17. “Orchestra Notes.” Billboard 31 Oct. 1942: 23.
  18. “Ellington Scores in Carnegie Hall Debut.” Baltimore Afro-American 30 Jan. 1943: 17.
  19. “Night Club Reviews: Hurricane, New York.” Billboard 10 Apr. 1943: 15.
  20. “Night Club Reviews: Hurricane, New York.” Billboard 5 Jun. 1943: 15.
  21. “Vaudeville Reviews: Capitol, New York.” Billboard 23 Oct. 1943: 20.
  22. “New Dukemen Bow in Concert.” Down Beat 15 Dec. 1943: 1.
  23. Moore, C.A. “Keeping Posted.” San Antonio Register 25 Feb. 1944: 4.
  24. “Tunes Hot In Hub, But Gross Isn't.” Billboard 25 Mar. 1944: 28.
  25. “Night Club Reviews: The Hurricane, New York.” Billboard 15 Apr. 1944: 24.
  26. “52nd St. Men Cover Nation.” Billboard 13 May 1944: 20.
  27. “Night Club Reviews: The Hurricane, New York.” Billboard 27 May 1944: 22.
  28. “Duke Socko 3G, Earle, Philadelphia.” Billboard 16 Sep. 1944: 28.
  29. “Advanced Record Releases.” Billboard 30 Dec. 1944: 13.
  30. “As a Matter of Record.” San Antonio Light 31 Dec. 1944: 28.
  31. “Ellington Concert Sell-out In Chicago.” Down Beat 15 Mar. 1945: 1.
  32. “Philly Earle Turnstiles Click 37G Tune for Duke.” Billboard 15 Sep. 1945: 37.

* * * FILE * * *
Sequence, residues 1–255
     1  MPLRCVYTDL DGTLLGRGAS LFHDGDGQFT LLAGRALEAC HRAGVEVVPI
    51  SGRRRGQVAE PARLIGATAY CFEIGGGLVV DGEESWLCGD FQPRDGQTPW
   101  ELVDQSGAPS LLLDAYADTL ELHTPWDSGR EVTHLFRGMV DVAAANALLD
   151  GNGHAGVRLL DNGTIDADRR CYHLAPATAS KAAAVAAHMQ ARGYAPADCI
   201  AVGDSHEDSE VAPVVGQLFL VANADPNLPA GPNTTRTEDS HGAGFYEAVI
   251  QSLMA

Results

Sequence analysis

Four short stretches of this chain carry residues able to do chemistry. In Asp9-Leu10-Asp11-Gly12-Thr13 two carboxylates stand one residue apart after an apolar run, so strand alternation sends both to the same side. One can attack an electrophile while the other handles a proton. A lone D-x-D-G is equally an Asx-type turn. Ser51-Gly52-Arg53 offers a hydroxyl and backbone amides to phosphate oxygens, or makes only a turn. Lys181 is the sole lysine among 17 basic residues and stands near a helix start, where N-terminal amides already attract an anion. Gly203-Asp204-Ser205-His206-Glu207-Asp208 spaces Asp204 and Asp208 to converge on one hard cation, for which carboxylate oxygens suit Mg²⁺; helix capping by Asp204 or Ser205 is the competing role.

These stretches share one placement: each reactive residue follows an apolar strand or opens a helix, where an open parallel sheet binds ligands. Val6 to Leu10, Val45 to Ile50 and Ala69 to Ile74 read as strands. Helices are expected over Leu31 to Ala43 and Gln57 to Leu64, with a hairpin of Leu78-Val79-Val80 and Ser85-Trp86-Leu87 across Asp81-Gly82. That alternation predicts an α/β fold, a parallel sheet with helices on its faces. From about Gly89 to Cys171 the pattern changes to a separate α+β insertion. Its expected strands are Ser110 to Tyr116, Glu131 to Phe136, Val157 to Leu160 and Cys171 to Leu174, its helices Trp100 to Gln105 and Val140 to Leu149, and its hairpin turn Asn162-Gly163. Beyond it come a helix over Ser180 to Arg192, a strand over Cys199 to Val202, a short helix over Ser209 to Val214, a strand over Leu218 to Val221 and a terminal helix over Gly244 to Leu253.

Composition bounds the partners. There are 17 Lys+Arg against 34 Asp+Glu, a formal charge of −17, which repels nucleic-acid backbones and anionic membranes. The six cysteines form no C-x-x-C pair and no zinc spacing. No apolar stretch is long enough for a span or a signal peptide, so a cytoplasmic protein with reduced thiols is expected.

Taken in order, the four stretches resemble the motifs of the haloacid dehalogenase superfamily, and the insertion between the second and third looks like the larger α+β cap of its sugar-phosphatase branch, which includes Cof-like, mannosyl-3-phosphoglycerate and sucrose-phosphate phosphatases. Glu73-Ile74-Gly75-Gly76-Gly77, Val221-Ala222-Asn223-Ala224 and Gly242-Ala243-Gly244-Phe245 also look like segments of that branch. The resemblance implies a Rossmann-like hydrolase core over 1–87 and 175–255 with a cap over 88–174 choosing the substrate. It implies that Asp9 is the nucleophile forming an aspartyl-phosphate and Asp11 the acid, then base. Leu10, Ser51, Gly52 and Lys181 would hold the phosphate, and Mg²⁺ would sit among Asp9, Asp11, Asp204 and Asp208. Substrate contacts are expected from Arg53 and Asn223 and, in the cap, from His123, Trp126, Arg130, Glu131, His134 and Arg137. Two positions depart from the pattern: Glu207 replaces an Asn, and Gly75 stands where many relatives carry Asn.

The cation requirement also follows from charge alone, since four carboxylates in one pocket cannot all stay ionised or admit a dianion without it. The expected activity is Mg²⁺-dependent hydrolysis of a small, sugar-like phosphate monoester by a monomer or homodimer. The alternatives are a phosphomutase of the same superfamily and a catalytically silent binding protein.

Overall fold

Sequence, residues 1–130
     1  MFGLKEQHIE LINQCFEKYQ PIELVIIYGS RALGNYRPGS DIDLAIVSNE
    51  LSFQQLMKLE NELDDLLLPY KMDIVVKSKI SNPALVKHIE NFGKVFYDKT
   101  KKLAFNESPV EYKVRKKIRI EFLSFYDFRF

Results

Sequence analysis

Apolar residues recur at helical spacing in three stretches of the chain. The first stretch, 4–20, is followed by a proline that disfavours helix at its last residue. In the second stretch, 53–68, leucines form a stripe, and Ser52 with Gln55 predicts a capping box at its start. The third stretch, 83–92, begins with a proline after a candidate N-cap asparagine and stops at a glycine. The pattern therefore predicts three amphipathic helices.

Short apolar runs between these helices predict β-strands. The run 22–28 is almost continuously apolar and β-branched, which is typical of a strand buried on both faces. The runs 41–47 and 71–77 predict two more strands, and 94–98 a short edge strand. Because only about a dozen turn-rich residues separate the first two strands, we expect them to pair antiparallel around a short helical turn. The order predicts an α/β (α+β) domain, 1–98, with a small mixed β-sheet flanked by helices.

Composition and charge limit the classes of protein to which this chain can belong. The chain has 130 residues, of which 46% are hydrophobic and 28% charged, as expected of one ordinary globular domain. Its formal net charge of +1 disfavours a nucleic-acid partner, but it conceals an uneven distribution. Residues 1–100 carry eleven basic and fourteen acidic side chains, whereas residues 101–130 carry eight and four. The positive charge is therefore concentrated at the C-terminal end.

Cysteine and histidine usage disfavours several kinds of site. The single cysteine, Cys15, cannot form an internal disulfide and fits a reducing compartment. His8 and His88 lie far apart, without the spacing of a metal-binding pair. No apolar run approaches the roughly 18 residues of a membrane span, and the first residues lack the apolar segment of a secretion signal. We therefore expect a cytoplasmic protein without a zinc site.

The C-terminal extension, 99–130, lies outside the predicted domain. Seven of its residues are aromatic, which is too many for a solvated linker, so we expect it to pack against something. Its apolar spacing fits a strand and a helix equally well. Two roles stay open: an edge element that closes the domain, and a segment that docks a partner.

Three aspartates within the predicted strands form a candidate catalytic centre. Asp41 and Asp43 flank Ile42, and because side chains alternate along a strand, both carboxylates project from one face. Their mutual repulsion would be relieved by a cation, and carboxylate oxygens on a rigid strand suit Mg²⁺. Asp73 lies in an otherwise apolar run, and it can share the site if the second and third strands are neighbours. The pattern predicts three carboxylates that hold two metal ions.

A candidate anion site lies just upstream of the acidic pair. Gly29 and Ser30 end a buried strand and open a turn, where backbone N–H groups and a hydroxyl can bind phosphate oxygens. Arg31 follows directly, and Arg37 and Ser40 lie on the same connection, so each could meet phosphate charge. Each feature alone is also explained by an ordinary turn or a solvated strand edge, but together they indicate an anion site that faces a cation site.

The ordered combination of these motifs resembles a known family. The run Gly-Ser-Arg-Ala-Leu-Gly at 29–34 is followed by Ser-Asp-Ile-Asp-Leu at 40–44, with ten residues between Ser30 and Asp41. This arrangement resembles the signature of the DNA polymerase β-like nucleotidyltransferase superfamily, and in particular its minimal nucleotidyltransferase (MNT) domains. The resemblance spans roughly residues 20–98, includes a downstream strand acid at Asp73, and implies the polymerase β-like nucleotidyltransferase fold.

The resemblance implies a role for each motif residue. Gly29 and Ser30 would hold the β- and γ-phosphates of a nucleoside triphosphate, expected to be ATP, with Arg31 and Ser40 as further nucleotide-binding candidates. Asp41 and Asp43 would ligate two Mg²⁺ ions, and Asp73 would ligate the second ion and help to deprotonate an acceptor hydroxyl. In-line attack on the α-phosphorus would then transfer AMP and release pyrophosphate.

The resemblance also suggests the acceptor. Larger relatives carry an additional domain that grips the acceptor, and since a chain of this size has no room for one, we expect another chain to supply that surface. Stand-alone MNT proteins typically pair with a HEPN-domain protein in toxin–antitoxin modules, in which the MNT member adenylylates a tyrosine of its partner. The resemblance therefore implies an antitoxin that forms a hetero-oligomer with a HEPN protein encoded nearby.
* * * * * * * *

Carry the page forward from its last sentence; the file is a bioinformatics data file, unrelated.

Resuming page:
33. “Carnegie Concert Has Below Par Ellington.” Down Beat 28 Jan. 1946: 3.
  34. “Music As Written.” Billboard 9 Mar. 1946: 22.
  35. “Vaudeville Review: Oriental, Chicago.” Billboard 22 Jun. 1946: 48.
  36. “Music As Written.” Billboard 13 Jul. 1946: 24.
  37. “Ellington Fails To Top Himself!” Down Beat 16 Dec. 1946: 2.
  38. “Vaudeville Review: RKO-Boston, Boston.” Billboard 18 Jan. 1947: 35.
  39. “Music As Written.” Billboard 19 Jul. 1947: 39.
  40. “Ellington Pleases Concert Crowd.” Down Beat 14 Jan. 1948: 3.
  41. “Music as Written.” Billboard 19 Jun. 1948: 21.
  42. “Vaudeville Reviews: Palladium, London.” Billboard 3 Jul. 1948: 44.
  43. Borneman, Ernest. “The Duke in Paris, Part 1.” Down Beat 25 Aug. 1948: 6.
  44. Borneman, Ernest. “The Duke in Paris, Part 2.” Down Beat 8 Sep. 1948: 6.
  45. Egan, Jack. “Webster In Royal Return To Duke.” Down Beat 1 Dec. 1948: 1.
  46. Hoefer, George. “Ellington's Annual Chicago Concert A Gala Evening.” Down Beat 10 Mar. 1950: 7.
  47. Advertisement. Penn Yan Chronicle-Express [Penn Yan, New York] 27 Jul. 1950: 3.
  48. “Strictly Ad Lib.” Down Beat 8 Sep. 1950: 5.
  49. “Tied Notes.” Down Beat 8 Sep. 1950: 10.
  50. “Mercer Ellington Starts Disc Firm.” Down Beat 22 Sep. 1950: 2.
  51. “R & B Blue Notes.” Billboard 23 Sep. 1950: 39.
  52. “Betty Roche Now Back With Duke.” Down Beat 4 Jun. 1952: 16.
  53. “Ellington in 50th Indianapolis Show.” Baltimore Afro-American 28 Jun. 1952: 22.
  54. “Night Club-Vaude Reviews: Paramount, New York.” Billboard 1 Nov. 1952: 15.
  55. Stratemann, Klaus. Duke Ellington, Day by Day, Film by Film Jazz Media, 1992, p. 259.